0 %

Key Actions to Addressing the Arrested Mobility of Black Individuals

6 Recommendations for Advocates, Researchers, and Policy Makers

1.

1.

Repeal laws, decriminalize violations, and promote alternative enforcement for policies that have minimal impact on safety and are enforced in a racially discriminatory manner.

Moving away from criminal enforcement for violations of pedestrian, bicycle, and e-scooter policies eliminates opportunities for racial discrimination in policing and reduces the potential for minor, non-safety violations to have a serious impact on Black Americans’ lives.

In 2022, Philadelphia passed the Driving Equality Law, which banned police stops for minor traffic violations, such as a broken brake light or expired registration, after data showed these stops overwhelmingly targeted Black drivers. Similar efforts for walking, cycling, and using e-scooters can likewise reduce opportunities for racially biased policing, particularly for policies with minimal safety impact.

Additionally, investment in street design and infrastructure can promote safety upstream, protecting pedestrians, cyclists, and e-scooter riders while encouraging behavior aligned with local, county, and state laws.

Citation: “Philly Becomes the First Big U.S. City With a Law Banning Minor Traffic Stops,” Billy Penn, March 3, 2022.

2.

2.

Embrace pedestrian, bike, and e-scooter infrastructure as a tool to reduce unwanted encounters with police, promote safety, and encourage mobility.

More than half of the country’s most dangerous roads for pedestrians are in predominantly Black or Latino neighborhoods.46 All of the top nine most dangerous urban arterials—roadways built for high traffic volumes and high speed—are in Black or Latino neighborhoods. These conditions can push pedestrians, cyclists, and e-scooters to break the law simply because there are no better alternatives: riding on the sidewalk to avoid a busy street, for example, or walking on the side of a road without a sidewalk. Investing in infrastructure not only reduces the likelihood of such actions being punished by police; it also improves safety and opens the door to mobility.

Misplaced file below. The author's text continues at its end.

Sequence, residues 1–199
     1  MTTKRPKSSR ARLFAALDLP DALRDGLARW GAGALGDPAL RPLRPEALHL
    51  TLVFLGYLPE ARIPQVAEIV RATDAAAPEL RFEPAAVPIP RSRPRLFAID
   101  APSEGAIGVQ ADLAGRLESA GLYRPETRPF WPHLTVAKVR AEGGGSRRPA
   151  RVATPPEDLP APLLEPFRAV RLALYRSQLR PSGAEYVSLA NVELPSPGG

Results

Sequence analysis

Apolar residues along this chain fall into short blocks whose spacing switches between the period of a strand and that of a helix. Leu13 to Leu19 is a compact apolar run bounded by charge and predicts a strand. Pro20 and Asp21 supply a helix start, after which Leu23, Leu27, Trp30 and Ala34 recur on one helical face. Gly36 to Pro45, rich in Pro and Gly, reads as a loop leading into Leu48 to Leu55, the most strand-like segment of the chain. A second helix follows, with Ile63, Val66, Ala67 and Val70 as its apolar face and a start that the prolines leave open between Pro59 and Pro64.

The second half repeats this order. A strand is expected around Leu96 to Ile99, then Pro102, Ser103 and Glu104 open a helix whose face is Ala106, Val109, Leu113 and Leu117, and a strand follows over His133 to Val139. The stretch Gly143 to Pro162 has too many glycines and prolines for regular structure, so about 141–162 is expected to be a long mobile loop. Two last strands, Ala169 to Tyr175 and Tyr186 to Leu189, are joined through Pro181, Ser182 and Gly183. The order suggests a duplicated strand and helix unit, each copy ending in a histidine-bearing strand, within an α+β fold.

Citation: “Breaking the Cycle,” June 2022.

3.

3.

Reduce and/or eliminate court fines and fees associated with pedestrian, bicycle, and e-scooter policies.

Many municipalities’ budgets rely heavily on fines and fees from mobility-related violations, and places with larger African American populations are more likely to have a greater reliance on these revenue sources. These municipalities thus have a financial incentive to issue tickets for minor violations. These fines and fees related to pedestrian, cycling, or e-scooter activity can create severe financial hardship and arrest residents’ mobility, exacerbating the negative impacts of racial bias in policing.

4.

4.

Place limits on pretextual stops, in which police use minor violations as a justification to investigate unrelated crimes without a warrant.